The land on which the College is built, formerly the site of a Roman villa, was given to a community of Benedictine monks in the thirteenth century by the Anglo-French family, Harpedan de Belleville, who then ruled the area. The monastery built at that time was dedicated to St Anthony of Egypt (also called St Anthony the Great), the founder of monasticism.
In the years that followed, Chavagnes saw many changes and upheavals. In the nineteenth century, its walls housed the first junior seminary in France after the Revolution, founded by the Venerable Louis-Marie Baudouin in 1802. Placed under the authority of the diocesan bishop, it received a royal charter from Charles X in 1825, as the ‘Ecclesiastical school of Chavagnes’, during the brief period of the restored monarchy.
The buildings were confiscated from the Church in 1905 as part of the anti-clerical crackdown throughout France. The priests then involved with educating the boys at Chavagnes were exiled to Shaftesbury in Dorset. In 1912 the buildings were bought back by a local aristocrat, the Comte de Suzannet, and reopened as a junior seminary, much to the chagrin of the Paris authorities.
The College was shared between German soldiers and junior seminarians during World War II, housing a small garrison and a military hospital. A machine-gun was placed in the clock tower, dominating the village, but the Nazi soldiers turned a blind eye to over 50 Jewish children sheltered by local families until the liberation. The villagers were so good at keeping a secret regarding the hidden Jewish children, that the information only emerged in the 1990s.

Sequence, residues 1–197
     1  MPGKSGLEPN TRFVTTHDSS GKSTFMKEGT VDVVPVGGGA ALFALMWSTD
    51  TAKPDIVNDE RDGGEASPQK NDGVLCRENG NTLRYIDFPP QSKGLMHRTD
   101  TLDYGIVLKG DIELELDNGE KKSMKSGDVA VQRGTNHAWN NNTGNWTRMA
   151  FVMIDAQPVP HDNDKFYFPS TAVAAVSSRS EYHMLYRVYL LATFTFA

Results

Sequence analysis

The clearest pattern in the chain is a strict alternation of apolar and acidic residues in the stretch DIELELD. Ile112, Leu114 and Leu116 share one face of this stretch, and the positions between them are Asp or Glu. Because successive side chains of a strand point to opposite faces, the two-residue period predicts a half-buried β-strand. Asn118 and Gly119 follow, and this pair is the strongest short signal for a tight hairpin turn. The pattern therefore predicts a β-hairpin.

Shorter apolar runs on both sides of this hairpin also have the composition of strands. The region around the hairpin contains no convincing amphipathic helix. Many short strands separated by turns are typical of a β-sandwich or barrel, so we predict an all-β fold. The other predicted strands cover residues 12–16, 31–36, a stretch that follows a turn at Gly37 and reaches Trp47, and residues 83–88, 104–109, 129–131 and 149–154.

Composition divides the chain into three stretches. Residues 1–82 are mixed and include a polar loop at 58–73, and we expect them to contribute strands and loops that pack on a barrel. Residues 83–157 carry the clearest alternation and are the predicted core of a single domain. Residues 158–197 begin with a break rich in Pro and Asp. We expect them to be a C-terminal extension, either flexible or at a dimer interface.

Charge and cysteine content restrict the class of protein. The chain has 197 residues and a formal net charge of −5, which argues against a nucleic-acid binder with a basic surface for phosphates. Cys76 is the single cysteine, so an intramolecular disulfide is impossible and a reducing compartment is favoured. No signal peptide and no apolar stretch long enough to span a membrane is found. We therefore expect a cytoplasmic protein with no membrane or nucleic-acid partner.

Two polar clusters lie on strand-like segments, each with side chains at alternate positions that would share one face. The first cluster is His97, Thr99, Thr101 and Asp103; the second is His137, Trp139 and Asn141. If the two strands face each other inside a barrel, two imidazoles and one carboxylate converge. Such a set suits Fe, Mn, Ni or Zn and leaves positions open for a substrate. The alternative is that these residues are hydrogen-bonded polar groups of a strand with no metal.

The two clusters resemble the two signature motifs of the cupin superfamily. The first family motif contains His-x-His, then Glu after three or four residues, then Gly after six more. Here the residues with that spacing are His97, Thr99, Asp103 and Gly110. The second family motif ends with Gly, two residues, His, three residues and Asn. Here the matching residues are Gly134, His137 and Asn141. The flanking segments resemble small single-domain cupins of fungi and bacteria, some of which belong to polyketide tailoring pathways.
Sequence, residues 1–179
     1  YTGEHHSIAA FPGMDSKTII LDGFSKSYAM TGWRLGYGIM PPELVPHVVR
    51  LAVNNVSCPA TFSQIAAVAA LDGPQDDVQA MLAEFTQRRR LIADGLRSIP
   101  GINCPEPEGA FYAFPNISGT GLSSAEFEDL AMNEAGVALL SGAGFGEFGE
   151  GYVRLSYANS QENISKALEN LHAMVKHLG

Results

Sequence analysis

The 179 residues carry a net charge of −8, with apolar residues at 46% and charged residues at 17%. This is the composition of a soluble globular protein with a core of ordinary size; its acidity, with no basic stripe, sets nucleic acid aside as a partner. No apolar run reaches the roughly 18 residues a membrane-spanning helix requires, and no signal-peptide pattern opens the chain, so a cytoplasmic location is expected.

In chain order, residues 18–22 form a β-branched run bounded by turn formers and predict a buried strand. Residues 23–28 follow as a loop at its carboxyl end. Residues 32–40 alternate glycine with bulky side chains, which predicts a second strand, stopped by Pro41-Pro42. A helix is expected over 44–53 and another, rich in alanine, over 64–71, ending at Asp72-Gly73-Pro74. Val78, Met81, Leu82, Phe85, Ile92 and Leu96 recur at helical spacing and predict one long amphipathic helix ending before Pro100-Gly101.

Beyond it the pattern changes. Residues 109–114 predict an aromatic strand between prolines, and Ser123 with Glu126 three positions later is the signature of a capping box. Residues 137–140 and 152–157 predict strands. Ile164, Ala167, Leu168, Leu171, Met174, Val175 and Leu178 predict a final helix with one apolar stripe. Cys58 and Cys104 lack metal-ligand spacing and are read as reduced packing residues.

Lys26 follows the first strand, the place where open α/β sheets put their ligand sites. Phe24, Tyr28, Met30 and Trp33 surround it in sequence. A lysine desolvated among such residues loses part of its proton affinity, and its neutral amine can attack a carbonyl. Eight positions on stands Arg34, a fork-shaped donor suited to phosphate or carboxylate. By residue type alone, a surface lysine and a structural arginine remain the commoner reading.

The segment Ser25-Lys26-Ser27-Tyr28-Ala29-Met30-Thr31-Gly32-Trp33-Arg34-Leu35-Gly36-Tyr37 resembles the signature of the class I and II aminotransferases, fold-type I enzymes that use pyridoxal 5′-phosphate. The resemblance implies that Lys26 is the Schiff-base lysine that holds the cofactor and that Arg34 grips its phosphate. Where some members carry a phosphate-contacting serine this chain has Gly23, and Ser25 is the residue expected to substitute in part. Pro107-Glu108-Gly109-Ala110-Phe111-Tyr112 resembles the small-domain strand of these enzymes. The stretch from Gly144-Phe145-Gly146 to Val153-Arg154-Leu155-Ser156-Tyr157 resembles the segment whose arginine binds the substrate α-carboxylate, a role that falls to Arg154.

In 1997, as had happened many times before in the history of Chavagnes, the building closed its doors for a time. In 1999 the buildings housed 50 refugees from Kosovo. Finally, in September 2002, with the support of the local Bishop, a group of English, American, Australian and Irish teachers, led by Ferdi McDermott, reopened the school, but with a different, international emphasis.
The College claims to be a traditional English school in France. Although most boys come from Britain, there are also pupils from France, Spain and Ireland. In this international environment, modern languages are particularly strong, with many boys taking GCSE languages (French, German, Spanish, English) one or two years early. Several older boys speak four languages fluently.
All the other buildings date from between 1840 and the 1960s. The main building, in the form of a letter H, with various later extensions, is a a typical 19th century religious/scholastic building, with a large number of windows on all sides. The College clocktower contains a carillon of 9 bells which may be played with a system of levers. The original makers of the clock (circa 1850), Lussault, are currently repairing it and recasting one of the bells.
The neo-gothic Chapel was consecrated on 24th October 1866 and dedicated to Our Lady of the Immaculate Conception. It contains five full-size stained glass windows portraying Pentecost, the Finding in the Temple, the Coronation of the Virgin + The Immaculate Conception (with Pius IX pictured), 'Suffer the little children to come unto me' and the Presentation of Our Lady in the Temple, with Ss Joachim and Anna. The sanctuary is oak-panelled with large statues of twelve saints providing a typical gothic 'cloud of witness' as featured in many cathedrals.